A couple of weeks ago I went to a party where a friend of mine was mixing. His choice in music is quite unique and he’s one of those guys who just buzzes with enthusiasm when it comes to playing in front of a crowd. However, this time he got lazy and paid for it…
Using the Sync button is nothing to be ashamed about.
Every digital DJ uses it more than they’d like to admit. But since we’re talking about a guy who tends to play exotic and generally offbeat sounds, he should’ve previewed the mix in his headphones instead of pressing “Sync” directly on the Master channel. All DJ software analyzes the song upon loading it to a deck, but sometimes the genre or quality of the song may prove too obscure to generate a well spread beatgrid.
A correct beatgrid (vertical bars that separate the beats of a song) governs the success rate of a “Sync mix”.
The software might not have created the beatgrid properly and when my friend pushed the Sync button the songs were anything but synced. The people immediately stopped dancing and just looked at the DJ. Of course, he went straight to the next song but the vibe that he tried so hard to create was ruined; functions such as a beatgrid editor will enable you to adjust the beatgrid perfectly.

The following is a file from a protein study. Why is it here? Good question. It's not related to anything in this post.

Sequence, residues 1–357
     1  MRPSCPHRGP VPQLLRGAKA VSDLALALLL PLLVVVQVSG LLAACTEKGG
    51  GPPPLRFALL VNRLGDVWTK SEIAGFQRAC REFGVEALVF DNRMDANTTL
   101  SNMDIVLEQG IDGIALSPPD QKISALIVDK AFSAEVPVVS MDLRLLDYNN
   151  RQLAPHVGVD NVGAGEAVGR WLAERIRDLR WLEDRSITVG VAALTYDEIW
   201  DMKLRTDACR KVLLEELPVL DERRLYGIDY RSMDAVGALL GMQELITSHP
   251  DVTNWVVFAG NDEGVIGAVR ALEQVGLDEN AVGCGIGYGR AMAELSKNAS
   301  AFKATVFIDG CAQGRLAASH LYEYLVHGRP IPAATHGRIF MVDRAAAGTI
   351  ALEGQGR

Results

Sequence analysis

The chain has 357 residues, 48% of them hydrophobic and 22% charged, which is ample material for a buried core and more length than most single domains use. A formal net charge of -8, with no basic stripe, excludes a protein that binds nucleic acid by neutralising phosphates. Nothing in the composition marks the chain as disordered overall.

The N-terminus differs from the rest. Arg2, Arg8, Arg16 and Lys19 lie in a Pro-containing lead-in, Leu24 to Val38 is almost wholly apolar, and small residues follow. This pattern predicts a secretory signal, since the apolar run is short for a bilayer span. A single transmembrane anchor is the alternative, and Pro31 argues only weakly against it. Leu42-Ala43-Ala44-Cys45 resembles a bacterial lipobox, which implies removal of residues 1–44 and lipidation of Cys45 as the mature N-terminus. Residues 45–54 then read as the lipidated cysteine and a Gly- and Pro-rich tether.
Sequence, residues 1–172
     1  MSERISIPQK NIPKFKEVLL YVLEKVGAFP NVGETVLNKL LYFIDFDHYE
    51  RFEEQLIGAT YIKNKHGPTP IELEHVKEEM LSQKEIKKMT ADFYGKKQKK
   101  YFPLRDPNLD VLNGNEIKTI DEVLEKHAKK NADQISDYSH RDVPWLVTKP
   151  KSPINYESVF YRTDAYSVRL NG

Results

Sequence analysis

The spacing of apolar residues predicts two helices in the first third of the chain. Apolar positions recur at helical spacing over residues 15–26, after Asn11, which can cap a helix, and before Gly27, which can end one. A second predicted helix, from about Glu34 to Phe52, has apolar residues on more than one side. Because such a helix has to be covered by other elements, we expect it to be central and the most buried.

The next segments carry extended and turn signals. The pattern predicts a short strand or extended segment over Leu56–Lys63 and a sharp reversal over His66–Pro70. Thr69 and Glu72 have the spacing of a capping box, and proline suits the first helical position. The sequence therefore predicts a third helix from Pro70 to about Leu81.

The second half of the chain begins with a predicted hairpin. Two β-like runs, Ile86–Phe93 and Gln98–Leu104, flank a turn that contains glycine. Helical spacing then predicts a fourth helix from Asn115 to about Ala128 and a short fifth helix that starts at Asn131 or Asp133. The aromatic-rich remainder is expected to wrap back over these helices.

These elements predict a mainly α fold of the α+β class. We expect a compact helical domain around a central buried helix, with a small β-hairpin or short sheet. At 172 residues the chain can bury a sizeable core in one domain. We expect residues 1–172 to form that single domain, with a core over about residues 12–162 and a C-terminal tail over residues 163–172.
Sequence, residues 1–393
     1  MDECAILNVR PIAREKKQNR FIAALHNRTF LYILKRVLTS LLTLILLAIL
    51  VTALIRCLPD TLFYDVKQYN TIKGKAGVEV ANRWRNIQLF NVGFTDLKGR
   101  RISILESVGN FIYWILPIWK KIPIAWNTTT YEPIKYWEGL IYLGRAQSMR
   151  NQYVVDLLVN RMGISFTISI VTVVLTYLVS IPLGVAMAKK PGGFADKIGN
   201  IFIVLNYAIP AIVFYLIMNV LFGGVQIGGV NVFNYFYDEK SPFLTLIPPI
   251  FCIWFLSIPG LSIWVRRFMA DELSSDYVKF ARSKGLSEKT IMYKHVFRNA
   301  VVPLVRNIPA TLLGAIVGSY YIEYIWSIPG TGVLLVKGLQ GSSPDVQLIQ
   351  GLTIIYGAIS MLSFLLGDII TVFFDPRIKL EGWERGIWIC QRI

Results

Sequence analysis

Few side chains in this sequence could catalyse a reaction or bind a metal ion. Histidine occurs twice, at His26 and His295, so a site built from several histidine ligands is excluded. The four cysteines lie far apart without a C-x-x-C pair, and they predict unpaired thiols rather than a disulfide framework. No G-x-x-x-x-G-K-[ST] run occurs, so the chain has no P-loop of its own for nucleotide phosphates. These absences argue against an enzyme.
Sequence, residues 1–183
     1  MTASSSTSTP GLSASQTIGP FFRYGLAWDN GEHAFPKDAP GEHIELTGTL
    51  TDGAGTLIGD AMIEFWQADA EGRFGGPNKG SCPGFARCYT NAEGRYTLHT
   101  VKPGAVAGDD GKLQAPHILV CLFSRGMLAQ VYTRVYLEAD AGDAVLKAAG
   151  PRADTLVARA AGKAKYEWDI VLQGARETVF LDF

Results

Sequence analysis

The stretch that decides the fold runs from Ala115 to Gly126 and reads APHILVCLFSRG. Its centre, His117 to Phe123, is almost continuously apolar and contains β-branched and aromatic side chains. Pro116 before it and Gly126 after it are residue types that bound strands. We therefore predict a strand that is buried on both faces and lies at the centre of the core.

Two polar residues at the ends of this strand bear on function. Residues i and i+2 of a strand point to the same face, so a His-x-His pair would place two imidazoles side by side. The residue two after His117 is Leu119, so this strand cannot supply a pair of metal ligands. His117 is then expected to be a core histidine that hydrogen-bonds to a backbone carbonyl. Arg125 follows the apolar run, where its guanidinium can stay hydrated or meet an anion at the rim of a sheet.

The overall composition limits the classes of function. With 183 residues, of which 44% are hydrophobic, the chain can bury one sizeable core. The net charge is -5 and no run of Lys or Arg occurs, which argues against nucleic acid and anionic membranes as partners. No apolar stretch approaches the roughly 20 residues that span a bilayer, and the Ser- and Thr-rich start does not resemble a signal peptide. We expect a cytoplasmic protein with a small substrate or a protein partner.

It’s wiser to preview the follow-up song, set your cues and hit the play/cue button while being ready to correct the mix, instead of worrying if your songs will be synced straight away when pressing Sync.
Not previewing the mix makes you look like a more advanced DJ, but you need to be able to quickly correct your mix by using the pitch bend buttons or the jogwheel. If you preview the mix, you’ll know straight away if something isn’t sounding right. The people that hear a wrong sound will most likely choose to respect the effort of manually correcting and making the mix sound right, rather than watch you abuse a function that can’t cope with a certain mix.
Nobody wants to see a machine behind the music, mistakes being our confirmation that we’re still human and solving them sincerely is, more than often, the proof that you’re determined to make the party rock.